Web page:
Of Sound Mind and Body!

People need it and so do animals, environmental enrichment, that is!  Imagine if your life revolved around getting up in the morning, showering, brushing your teeth, combing your hair and getting dressed only then to be told that you needed to sit in a chair for 8 hours with nothing to do!  What if you were told that this was going to be your life, day after day?  Now what if I also limited your outdoor enrichment to the backyard only, no car rides, no stores, no movies, and no excitement.  I only allow you to access your backyard and only to get a little bit of fresh air.  I will not allow you to garden or have any other outdoor enrichment activities.  I have also decided that you are not to have any friends, no company other than me, how boring!  Eventually, your life becomes quite boring and with no enrichment, you may begin to get depressed or perhaps develop physical and emotional issues.  Now let’s put your dog in that same situation. 

Humans are the first to complain that their dogs are behaving badly and the main culprit is generally the lack of environmental enrichment.  Dog owners seem to think that they are providing environmental enrichment by taking their dogs for short walks around the same old block, day after day, week after week, year after year.  This becomes very dull and boring for your dogs.  The problem with us humans is the fact that we are very committed to schedules and routines and that includes what and when we do things with our canine partners.   Many dogs are spending very long hour’s home alone, day after day, while their owner’s are at work.  Dog behavior problems are generally the end result.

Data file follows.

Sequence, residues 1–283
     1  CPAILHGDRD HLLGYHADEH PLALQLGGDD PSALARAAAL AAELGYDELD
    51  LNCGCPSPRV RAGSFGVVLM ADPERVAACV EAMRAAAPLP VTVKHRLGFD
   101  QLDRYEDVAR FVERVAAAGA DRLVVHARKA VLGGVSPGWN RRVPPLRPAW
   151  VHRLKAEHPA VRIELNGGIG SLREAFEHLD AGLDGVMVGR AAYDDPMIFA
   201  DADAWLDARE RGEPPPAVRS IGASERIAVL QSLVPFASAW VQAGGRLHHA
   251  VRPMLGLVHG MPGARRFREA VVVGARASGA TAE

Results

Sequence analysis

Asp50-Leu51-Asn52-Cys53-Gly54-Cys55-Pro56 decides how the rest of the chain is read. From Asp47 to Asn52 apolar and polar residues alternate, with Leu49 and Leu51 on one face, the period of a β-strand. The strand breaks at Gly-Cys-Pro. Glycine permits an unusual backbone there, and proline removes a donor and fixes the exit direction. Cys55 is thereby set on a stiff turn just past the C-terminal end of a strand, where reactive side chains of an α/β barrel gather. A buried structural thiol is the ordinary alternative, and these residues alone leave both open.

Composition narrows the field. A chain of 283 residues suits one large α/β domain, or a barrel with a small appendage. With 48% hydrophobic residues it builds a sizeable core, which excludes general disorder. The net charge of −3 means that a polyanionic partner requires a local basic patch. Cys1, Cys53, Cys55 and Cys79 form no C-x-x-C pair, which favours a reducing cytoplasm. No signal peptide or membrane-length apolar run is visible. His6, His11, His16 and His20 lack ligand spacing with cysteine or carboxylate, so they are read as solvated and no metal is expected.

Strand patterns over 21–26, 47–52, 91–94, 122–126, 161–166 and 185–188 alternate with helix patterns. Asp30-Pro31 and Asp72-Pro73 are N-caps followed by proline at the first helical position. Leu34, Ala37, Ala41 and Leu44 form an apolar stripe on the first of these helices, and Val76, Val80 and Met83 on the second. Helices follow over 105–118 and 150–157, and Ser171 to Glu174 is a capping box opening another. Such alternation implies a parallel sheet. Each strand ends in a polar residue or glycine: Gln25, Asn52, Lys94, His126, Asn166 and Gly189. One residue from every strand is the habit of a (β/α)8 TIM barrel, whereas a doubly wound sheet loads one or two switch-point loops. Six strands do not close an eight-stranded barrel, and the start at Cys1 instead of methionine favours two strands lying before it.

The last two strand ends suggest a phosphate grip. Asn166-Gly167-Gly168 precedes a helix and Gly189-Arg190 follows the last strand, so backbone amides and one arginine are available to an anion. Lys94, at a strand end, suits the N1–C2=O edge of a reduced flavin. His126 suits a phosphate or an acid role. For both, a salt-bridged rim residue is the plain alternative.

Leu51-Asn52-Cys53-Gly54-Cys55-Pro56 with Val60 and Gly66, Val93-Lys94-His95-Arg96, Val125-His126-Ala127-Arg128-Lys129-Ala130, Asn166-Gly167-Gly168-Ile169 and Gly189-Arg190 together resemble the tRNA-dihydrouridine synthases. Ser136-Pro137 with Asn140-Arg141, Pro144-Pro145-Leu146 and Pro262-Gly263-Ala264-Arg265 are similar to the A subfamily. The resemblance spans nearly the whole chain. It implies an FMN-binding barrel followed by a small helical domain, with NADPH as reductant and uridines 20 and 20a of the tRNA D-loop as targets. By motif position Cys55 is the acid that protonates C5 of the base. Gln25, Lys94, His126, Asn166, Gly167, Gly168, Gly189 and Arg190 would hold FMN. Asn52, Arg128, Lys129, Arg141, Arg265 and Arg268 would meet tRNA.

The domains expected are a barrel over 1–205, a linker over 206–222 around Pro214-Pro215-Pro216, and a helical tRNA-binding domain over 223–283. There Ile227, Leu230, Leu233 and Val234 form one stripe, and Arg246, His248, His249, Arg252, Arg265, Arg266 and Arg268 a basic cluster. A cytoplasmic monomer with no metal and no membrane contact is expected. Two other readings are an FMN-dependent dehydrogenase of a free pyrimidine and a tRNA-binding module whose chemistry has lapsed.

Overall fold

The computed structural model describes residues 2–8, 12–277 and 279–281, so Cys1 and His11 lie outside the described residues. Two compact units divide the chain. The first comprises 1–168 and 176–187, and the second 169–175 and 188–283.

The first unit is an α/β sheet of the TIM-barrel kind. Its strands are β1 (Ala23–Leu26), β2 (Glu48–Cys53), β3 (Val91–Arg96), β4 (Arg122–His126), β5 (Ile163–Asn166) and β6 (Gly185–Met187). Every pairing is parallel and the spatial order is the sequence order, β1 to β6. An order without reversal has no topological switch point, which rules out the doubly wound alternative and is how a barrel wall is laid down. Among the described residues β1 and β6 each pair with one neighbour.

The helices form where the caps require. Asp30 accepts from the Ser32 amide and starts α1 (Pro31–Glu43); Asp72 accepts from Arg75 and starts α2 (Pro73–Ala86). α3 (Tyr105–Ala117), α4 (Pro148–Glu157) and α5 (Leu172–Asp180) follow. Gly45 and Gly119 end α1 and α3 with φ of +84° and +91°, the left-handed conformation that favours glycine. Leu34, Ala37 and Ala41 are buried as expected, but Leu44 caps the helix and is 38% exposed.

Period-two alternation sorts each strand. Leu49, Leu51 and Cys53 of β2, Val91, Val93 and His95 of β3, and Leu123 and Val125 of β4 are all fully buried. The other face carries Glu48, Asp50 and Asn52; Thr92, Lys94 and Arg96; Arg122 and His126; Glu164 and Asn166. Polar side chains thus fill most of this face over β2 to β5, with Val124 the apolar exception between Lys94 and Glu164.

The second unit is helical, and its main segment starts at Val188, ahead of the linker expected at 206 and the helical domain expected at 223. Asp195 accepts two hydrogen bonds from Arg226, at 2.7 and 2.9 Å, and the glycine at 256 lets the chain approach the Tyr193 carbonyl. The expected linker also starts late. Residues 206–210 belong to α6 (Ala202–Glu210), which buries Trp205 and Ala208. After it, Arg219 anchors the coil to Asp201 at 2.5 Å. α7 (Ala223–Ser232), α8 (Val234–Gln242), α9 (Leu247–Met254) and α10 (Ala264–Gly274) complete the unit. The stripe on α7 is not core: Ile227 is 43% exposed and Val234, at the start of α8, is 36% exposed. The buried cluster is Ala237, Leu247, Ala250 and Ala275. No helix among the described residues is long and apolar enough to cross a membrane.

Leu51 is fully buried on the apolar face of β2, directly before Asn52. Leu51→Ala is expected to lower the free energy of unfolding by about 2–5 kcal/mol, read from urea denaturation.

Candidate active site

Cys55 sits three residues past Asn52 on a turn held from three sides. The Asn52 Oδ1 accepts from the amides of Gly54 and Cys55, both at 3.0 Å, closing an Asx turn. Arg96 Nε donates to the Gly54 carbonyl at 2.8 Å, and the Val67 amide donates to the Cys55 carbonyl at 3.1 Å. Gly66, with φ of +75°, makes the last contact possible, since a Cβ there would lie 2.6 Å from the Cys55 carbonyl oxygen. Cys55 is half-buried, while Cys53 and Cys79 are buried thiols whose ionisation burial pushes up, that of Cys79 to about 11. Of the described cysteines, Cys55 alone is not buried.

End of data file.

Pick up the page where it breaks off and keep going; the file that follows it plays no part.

Years ago, I designed and developed “environmental enrichment programs” and I began to incorporate these programs into my regular dog training classes, free of charge,  to anyone signing up for a course.  Dog owners were excited to be able to teach their dogs to walk on a leash, while participating in my hiking program.  I found that not only were the dogs having fun learning but the humans were having a blast while training their dogs.  Every living being thrives from an enriched enrichment!   

I like to call my training, “life rewards for jobs well done!”  We may take the dogs to the beach to teach them to be attentive to us and come when called, once they do, they get to fetch the balls, toys or sticks that we toss into the bay, life’s rewards for jobs well done.  During a loose lead walking class, not only are the dogs learning how to walk properly on a leash but they are getting tons of socialization skills walking through town.  By incorporating environmental enrichment programs into your training classes you will improve student attendance and motivate your students to get out and have fun with their dogs! 

Betty Laurin  CPDT-KA, CDBC